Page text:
When buying an appliance, especially a costly one, one thinks about buying the right piece. In the case of buying a gas grill, the choice of whether to buy a gas-powered grill over a charcoal one is already made. However, when choosing which gas grill to buy, another hurdle has to be overcome.
Nowadays, with the proliferation of products that seem to have the same features, it helps to be armed with information. One can get it by word of mouth, through the recommendations of family and friends. Information may also come from the Internet, newspapers, brochures and even salespeople. So what are the things one should consider when buying a gas grill?
The first consideration when buying a gas grill or any appliance, equipment or costly object is the price. Consider how much you want to spend on this piece of equipment.
- Within a given price range, what does this cost include in terms of features?
- Does it include side tables, a built-in thermometer, fuel gauge, and one filled gas tank?
- Does it function on natural gas or propane?
Is the gas that it uses compatible with your existing gas line? There may be additional costs in the installation of a natural gas pipe at your desired location. Costs can also arise if you need to purchase conversion kits.
Frame & Body Construction
Also, buying a gas grill means considering the kind of material from which the grill is made of. The most important part of the grill is its frame and body. Equipment that is subjected to heat, mess, and mobility must be sturdy enough. They should be made of stainless steel – which is quite expensive – or cast aluminum, cast iron or sheet metal. The frame and body must be resistant to rust and corrosion since it is subjected to mess, like liquids or drippings. Check if the material can be found on only some parts of the grill or on the entire body of the grill. It’s a given that cast aluminum is longer-lasting than stainless steel.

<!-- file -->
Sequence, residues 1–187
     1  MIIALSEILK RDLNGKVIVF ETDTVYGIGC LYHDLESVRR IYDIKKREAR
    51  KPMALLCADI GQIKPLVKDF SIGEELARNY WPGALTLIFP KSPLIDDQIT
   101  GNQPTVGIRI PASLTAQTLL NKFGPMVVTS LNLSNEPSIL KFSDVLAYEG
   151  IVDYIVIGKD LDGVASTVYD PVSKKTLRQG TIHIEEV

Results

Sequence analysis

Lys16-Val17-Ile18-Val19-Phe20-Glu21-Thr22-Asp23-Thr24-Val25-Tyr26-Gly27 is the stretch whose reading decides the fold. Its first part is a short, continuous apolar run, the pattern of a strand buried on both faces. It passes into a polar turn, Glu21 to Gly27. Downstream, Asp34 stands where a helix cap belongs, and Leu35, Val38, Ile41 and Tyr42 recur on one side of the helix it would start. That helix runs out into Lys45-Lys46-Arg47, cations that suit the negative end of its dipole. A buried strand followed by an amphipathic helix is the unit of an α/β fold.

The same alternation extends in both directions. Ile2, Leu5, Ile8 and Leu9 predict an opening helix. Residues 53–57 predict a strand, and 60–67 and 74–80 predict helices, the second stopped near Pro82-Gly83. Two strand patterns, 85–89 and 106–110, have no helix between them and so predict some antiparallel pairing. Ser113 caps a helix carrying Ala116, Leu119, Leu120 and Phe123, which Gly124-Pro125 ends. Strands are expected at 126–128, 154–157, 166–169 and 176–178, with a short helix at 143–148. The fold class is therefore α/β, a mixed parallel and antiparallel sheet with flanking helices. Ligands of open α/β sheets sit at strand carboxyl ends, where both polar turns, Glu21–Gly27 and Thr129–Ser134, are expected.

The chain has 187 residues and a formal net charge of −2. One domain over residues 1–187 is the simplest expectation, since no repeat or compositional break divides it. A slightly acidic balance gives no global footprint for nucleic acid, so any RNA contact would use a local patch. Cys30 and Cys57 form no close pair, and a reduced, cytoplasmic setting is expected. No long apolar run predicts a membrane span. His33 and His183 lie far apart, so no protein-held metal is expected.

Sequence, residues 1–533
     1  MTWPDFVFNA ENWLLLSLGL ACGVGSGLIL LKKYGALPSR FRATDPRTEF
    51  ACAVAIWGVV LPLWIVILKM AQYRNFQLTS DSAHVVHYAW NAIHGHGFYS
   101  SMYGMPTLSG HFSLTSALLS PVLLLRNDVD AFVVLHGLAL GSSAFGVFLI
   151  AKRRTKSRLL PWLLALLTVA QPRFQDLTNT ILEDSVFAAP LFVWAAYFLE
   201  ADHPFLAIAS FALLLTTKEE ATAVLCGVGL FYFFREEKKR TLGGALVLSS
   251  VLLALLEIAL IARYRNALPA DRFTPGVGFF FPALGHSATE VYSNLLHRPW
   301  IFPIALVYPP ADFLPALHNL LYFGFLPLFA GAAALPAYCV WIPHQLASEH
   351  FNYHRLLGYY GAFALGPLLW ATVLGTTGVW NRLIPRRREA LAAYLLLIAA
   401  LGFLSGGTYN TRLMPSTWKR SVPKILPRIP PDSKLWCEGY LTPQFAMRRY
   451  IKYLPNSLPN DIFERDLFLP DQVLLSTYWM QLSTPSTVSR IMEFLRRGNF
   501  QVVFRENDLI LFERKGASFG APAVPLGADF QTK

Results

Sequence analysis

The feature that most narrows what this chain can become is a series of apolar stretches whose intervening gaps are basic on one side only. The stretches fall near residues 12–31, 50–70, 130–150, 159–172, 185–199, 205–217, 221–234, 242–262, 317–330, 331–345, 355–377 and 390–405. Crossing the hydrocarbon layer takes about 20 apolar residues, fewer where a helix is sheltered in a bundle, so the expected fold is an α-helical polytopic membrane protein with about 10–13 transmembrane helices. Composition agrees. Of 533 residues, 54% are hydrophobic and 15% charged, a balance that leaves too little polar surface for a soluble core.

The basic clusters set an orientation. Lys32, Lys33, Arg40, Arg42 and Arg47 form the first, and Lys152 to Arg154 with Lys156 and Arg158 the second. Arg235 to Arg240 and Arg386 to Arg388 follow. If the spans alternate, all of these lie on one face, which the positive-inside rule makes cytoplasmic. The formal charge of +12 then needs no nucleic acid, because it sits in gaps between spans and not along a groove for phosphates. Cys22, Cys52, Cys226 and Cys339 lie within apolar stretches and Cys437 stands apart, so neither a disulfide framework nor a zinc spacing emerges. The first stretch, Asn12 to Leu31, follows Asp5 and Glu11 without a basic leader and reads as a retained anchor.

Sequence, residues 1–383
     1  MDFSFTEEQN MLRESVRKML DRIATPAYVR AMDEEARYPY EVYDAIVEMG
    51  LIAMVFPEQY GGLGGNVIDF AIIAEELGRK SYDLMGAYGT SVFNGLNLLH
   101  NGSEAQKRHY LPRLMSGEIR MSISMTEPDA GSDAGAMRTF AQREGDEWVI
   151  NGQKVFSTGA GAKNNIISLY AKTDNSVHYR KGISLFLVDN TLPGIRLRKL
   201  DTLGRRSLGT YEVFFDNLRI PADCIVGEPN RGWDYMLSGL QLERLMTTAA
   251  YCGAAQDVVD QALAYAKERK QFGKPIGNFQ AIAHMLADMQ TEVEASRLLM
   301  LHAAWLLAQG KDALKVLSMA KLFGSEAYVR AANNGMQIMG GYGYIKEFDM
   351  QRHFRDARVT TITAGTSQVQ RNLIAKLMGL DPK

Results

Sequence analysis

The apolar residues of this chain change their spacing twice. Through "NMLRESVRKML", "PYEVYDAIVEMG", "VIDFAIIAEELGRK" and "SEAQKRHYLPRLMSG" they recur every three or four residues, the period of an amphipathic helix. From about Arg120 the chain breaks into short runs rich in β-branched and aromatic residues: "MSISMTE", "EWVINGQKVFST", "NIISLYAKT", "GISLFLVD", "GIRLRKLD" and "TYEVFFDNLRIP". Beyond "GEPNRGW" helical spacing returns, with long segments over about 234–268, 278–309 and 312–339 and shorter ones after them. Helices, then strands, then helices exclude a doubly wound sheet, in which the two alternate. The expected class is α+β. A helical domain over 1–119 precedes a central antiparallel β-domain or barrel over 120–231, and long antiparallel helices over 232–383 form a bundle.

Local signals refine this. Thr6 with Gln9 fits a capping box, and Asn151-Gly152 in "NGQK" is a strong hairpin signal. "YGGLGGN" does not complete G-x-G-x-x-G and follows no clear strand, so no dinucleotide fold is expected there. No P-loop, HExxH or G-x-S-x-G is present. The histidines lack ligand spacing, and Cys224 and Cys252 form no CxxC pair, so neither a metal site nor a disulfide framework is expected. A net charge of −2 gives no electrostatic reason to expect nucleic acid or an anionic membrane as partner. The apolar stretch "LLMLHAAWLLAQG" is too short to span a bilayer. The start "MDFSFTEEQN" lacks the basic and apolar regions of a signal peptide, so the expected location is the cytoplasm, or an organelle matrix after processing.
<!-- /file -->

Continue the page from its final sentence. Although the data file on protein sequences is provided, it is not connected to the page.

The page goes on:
Durability follows with the kind of material that is used. This does not mean that a grill’s durability is dependent solely on its material. Even if it is made of the most durable stainless steel or cast aluminum, if you as the owner don’t care to clean it, it will rust and eventually disintegrate. Make sure that even its innards – the burners – are free of drippings when grilling time is over. Drippings can sometimes clog the burners leading to uneven heating and the start of corrosion.
Another thing to consider when buying a gas grill is its size. Think about what you’ll be cooking on the grill and for how many people would you most likely be feeding using the grill. Conversely, think about where you’ll be positioning and storing the grill.
It’s no problem for grills that will be placed as part of an outdoor entertainment area but when it is stored indoors, in the garage or patio, would it fit? Fitting should also take into account the overall safety of the grill as well as the house and its residents.
Lastly, bear in mind the features that come with the grill and ask yourself if you really need them. Do you really need a smoker box, rotisserie or a side burner? Do you find lights and a warming surface more of a fancy addition than a practical requirement? Don’t also be misled by higher BTUs.
The number also depends on the size of the grill and how efficient it is at circulating the heat it has generated. Even smaller grills can dish out an efficient amount of heat at lower BTUs.